What drives them?
Why would a new father with a career at a large downtown law firm decide to chuck it all and make hummus for a living?
Where do you develop the confidence to take the telecommunications industry by storm?
As the Dallas economy continues to thrive, the entrepreneurial spirit continues to grow along with it. Look around. You’ll find new companies and corporations popping up everywhere led by people in our neighborhood.
For some entrepreneurs, it’s a natural progression to take the first step toward creating a new business. For others, it’s a huge leap of faith.
Here’s an inside look at what it took for two neighborhood business people to put their entrepreneurial spirit to the test.
Taking the first steps / Neighborhood resident Paul Schweizer’s career in the food industry began quite by accident. He and his wife had created a recipe for a hummus dip popular with their friends and family. Hummus is a Mediterranean product made from garbanzo beans (easily their best use), and the Schweizers had combined it with Southwest spices that gave it an interesting flavor.
People raved about the dip. And Schweizer says he wondered if someday he might be able to successfully market the dip.
But Schweizer is an attorney. He loves the law, and his dream had always been to practice law with a large, prestigious firm. After graduating, from the University of Texas Law School in Austin, Schweizer signed up with just such a law firm in downtown Dallas.
His future looked bright, but there was a catch.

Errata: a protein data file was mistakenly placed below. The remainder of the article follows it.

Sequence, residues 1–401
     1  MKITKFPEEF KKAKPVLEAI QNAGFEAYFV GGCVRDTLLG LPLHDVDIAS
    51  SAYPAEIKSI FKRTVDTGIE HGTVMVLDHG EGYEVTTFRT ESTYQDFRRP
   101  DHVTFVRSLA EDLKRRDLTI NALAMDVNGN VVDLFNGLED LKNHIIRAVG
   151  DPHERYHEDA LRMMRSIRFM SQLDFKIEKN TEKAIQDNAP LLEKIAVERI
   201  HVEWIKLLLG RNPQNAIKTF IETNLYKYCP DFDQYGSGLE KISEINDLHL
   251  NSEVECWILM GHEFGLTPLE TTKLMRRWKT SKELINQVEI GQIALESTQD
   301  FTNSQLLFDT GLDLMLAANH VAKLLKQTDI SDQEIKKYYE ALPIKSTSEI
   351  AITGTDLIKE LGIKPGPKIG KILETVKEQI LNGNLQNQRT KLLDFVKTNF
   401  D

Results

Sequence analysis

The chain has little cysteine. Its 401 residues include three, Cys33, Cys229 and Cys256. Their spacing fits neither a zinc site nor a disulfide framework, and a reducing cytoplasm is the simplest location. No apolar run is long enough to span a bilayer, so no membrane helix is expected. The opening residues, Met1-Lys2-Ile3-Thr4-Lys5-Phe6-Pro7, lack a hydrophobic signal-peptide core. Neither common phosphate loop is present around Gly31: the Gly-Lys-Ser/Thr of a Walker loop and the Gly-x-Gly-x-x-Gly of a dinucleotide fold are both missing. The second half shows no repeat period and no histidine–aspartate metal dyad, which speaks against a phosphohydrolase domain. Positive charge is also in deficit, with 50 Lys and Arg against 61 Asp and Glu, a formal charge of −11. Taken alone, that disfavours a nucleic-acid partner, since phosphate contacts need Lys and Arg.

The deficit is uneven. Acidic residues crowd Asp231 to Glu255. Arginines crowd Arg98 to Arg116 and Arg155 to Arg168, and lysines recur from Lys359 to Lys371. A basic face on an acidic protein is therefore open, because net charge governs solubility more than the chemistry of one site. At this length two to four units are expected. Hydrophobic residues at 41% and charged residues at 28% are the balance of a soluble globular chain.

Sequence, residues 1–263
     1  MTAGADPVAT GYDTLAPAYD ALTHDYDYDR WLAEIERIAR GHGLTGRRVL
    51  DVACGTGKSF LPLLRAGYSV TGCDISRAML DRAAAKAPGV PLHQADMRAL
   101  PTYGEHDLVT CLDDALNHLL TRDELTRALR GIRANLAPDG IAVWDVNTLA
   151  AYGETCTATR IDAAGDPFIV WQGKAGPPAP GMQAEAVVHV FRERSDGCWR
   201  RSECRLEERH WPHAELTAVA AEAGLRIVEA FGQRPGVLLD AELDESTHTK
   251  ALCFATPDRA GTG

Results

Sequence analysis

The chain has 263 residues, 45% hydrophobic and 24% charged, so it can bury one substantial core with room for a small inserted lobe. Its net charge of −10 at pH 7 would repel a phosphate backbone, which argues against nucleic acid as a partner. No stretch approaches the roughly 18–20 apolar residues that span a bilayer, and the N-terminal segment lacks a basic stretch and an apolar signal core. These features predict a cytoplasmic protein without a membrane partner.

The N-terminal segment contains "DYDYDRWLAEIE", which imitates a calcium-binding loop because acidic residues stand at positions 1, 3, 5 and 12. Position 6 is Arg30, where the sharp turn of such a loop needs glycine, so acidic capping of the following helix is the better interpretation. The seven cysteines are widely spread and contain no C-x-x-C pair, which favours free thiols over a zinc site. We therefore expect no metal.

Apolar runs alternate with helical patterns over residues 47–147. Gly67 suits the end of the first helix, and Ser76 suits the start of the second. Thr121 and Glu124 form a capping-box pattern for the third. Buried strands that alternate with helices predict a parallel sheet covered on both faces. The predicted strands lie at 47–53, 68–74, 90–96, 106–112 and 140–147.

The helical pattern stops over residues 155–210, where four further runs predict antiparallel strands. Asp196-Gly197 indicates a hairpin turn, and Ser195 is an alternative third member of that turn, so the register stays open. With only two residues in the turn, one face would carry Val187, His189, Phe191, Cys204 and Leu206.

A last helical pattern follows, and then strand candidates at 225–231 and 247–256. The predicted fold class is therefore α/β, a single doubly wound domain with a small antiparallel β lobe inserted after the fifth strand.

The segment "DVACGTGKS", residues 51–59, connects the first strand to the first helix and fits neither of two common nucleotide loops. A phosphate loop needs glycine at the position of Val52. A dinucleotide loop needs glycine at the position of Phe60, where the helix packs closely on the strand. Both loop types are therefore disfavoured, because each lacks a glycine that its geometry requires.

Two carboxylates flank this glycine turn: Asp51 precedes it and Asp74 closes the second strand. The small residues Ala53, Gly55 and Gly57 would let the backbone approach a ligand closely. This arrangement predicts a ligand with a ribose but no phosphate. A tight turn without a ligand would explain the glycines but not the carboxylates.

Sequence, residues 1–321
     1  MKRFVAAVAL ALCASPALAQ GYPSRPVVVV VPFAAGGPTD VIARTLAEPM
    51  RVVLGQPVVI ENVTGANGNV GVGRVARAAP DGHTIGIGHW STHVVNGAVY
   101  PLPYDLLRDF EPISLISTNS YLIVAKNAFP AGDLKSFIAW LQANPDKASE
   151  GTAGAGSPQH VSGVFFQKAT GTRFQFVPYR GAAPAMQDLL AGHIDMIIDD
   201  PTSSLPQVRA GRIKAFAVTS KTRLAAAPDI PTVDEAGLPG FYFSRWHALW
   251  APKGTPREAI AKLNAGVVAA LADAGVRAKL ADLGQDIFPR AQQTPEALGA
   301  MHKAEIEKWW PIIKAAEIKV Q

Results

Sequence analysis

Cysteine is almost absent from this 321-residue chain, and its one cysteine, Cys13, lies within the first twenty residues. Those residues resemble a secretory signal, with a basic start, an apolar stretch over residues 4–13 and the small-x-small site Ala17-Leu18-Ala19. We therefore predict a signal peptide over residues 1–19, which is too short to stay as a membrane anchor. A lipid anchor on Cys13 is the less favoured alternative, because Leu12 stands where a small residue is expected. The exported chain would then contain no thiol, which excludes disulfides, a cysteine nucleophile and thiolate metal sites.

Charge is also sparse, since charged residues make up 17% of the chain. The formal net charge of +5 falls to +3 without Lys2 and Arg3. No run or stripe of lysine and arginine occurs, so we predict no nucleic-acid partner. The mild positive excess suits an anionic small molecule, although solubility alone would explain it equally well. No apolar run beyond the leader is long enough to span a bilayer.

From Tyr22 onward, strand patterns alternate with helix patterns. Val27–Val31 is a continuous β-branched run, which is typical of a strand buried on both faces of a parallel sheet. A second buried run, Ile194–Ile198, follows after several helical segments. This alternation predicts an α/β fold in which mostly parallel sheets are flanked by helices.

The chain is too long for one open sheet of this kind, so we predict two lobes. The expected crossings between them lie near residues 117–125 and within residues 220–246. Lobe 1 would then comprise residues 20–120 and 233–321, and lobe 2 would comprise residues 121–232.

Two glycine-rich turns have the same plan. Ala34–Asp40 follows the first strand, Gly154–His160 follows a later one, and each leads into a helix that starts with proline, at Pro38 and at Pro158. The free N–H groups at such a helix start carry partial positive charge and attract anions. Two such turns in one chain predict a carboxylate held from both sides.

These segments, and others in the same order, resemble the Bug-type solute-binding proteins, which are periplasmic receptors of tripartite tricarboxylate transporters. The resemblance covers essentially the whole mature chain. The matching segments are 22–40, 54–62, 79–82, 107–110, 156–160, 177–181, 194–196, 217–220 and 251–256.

Schweizer found that with the prestige also came long hours, high stress and office politics. Working with a large firm was taking a toll on the time he valued with his family – and he and his wife Suzanne, were expecting their first child.
In order to keep the perspectives he wanted in life, Schweizer knew it was time to make a drastic change. He says his philosophy has always been “to follow what you want to do.”
“It was a little frightening at the time,” Schweizer admits.
His father was even less enthusiastic about this bend in the road…but his wife and her parents were game – and off the launching pad came a product called “Yummus.”
Schweizer started his new career in the food business in September 1999, became the father of a baby boy in October 1999, and quit his job at the law firm two weeks after that. Enough to leave a guy breathless.
Not so for the founders of White Rock Network, who named their new internet hardware company after the nearby Lake for which they’ve invested corporate dollars to boost neighborhood preservation efforts.
Though he had never started a company from “a clean sheet of paper” before, co-founder and chief executive officer Lonnie Martin felt it was the inevitable next step in his career.
“My life prepared me for this moment – I think it’s best to start a business that you have experience in,” says Martin, who set out with co-founders Tony Masella, Rick McKinney, Tony Farinholt, Rick Wank and Greg Lowe – all career telecom businessmen.
The group has devised “a new type of metro-area optical transport equipment, one that allows fiber networks to be built in a modular fashion,” a state-of-the-art twist in the cable of the competitive telecommunications market. (Martin says White Rock’s products would not have been feasible even one or two years ago.)
In contrast to the hard left turn Schweizer took, Martin spent 20 years as a key executive in several carrier-class and enterprise network equipment companies. To him, this is just the next stage in the same career he has always pursued; only this time, he’s at the helm.
Says Martin: “I don’t think it (the decision) would have been this easy to make for someone without the experience and knowledge. I don’t think it would have been as easy for someone in their 30s to do this just because of the lack of experience.”